What, then, does it mean to be a global citizen? As with all aspects of society, the meaning of citizenship has changed in the course of history. Modern citizenship formed in three waves. In the eighteenth century, civil citizenship conferred economic opportunity and property rights. In the nineteenth, political citizenship spread democracy and the right to vote. In the twentieth, social citizenship brought entitlement to minimum standards of welfare. Each new wave of rights followed a corresponding wave of popular mobilization against traditional privilege.
Now, a fourth wave may be gathering. Like other forms of citizenship, global citizenship carries both psychological and juridical meanings. In one sense, people become "citizens of the world" when their awareness, concerns, and actions extend to the whole of humanity. Almost certainly, the ranks of this kind of global citizen are swelling as people awaken to their place within a globalizing society and the wider community of life.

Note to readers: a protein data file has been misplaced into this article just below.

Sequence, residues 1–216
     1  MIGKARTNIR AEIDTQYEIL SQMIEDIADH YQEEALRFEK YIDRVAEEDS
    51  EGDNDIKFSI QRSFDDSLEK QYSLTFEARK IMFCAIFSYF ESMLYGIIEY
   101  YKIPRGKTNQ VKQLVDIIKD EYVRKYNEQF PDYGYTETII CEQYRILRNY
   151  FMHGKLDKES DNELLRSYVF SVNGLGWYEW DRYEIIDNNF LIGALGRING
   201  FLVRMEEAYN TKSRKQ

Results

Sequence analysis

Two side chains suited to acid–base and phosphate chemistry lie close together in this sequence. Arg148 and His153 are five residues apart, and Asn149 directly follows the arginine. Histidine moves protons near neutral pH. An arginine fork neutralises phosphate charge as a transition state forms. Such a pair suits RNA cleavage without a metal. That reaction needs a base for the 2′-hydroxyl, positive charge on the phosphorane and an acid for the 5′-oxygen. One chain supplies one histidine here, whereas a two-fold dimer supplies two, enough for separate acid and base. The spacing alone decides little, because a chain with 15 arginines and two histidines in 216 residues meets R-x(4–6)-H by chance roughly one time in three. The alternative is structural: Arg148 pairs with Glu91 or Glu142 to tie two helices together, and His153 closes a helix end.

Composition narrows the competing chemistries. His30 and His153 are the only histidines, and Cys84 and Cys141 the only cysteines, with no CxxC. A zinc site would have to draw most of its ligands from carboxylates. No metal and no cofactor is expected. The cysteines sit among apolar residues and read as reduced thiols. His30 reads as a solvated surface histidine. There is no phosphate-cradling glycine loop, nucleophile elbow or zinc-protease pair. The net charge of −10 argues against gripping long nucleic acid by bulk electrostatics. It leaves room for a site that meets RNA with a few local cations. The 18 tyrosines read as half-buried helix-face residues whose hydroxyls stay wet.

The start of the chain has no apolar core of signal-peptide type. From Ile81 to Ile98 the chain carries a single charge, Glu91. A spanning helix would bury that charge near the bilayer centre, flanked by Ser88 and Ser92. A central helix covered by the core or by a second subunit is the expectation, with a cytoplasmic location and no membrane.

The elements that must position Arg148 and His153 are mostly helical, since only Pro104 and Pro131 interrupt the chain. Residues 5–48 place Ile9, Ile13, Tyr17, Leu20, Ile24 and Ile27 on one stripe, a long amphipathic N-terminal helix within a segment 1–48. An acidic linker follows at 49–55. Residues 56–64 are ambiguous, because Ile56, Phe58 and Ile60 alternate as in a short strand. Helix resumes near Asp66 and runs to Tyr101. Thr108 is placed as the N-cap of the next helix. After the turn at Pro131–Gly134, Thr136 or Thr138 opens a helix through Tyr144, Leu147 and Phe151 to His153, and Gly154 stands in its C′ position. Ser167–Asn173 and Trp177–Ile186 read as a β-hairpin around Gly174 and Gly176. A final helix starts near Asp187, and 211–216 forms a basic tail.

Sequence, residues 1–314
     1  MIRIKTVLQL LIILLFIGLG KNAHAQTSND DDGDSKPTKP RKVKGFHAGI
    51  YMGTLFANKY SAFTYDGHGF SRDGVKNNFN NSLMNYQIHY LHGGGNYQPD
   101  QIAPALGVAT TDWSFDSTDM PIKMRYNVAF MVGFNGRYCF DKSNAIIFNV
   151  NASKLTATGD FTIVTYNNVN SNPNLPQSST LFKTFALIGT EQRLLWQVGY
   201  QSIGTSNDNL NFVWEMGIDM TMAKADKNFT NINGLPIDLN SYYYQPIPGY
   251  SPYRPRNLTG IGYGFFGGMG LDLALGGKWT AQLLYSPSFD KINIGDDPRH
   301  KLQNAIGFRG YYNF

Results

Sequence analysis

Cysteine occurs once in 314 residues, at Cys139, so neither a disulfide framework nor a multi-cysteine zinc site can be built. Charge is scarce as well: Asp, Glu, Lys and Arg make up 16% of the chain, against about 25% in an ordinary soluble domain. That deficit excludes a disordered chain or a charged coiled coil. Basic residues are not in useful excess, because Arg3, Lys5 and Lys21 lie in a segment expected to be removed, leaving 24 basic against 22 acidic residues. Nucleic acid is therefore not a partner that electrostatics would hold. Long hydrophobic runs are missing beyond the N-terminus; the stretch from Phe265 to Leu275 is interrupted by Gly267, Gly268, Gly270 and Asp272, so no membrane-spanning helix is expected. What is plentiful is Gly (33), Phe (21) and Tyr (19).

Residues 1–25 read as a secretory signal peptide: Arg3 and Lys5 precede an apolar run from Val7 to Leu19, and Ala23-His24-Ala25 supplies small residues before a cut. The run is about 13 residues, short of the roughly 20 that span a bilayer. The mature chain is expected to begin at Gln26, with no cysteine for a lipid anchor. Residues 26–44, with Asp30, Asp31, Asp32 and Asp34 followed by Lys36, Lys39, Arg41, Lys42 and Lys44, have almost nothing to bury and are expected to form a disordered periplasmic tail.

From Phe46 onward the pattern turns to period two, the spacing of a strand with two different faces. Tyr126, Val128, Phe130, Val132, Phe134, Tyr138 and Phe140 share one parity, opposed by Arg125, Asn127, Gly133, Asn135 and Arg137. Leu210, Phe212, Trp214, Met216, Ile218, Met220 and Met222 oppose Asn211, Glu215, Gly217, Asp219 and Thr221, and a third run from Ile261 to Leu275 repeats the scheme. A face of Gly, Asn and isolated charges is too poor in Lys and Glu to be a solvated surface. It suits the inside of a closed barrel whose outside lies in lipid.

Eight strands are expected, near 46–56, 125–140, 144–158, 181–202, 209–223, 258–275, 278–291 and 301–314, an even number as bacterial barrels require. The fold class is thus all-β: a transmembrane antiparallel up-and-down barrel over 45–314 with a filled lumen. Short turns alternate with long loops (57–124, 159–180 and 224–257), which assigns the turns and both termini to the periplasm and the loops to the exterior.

However, the full expression of global citizenship awaits the establishment of formal processes for collective engagement and democratic global governance. Here, existing international bodies and movements can offer lessons and, in some cases, building blocks. But a centerpiece of a transformational strategy will be fashioning institutions beholden to the whole body politic, rather than merely balancing the interests of competing states and elite actors.
Now, from the vantage point of the antagonistic present, the formation of a global demos may seem far-fetched. But to dismiss the possibility out-of-hand would be a failure of historical imagination. It would be rather like an eighteenth century skeptic dismissing the idea of nationalism as a quixotic fantasy, little knowing that a world map of 200,000 territories would soon be transformed into one with a mere 200 nation-states.